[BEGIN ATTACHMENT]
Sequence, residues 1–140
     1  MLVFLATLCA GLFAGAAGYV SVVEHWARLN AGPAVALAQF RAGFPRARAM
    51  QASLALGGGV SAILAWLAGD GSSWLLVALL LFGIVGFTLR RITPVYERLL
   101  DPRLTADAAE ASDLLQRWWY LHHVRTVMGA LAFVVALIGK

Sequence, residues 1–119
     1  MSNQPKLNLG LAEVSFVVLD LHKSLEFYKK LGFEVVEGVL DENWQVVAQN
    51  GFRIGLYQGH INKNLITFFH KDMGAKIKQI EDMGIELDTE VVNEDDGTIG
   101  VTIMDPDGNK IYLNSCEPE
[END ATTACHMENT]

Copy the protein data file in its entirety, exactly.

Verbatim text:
Sequence, residues 1–140
     1  MLVFLATLCA GLFAGAAGYV SVVEHWARLN AGPAVALAQF RAGFPRARAM
    51  QASLALGGGV SAILAWLAGD GSSWLLVALL LFGIVGFTLR RITPVYERLL
   101  DPRLTADAAE ASDLLQRWWY LHHVRTVMGA LAFVVALIGK

Sequence, residues 1–119
     1  MSNQPKLNLG LAEVSFVVLD LHKSLEFYKK LGFEVVEGVL DENWQVVAQN
    51  GFRIGLYQGH INKNLITFFH KDMGAKIKQI EDMGIELDTE VVNEDDGTIG
   101  VTIMDPDGNK IYLNSCEPE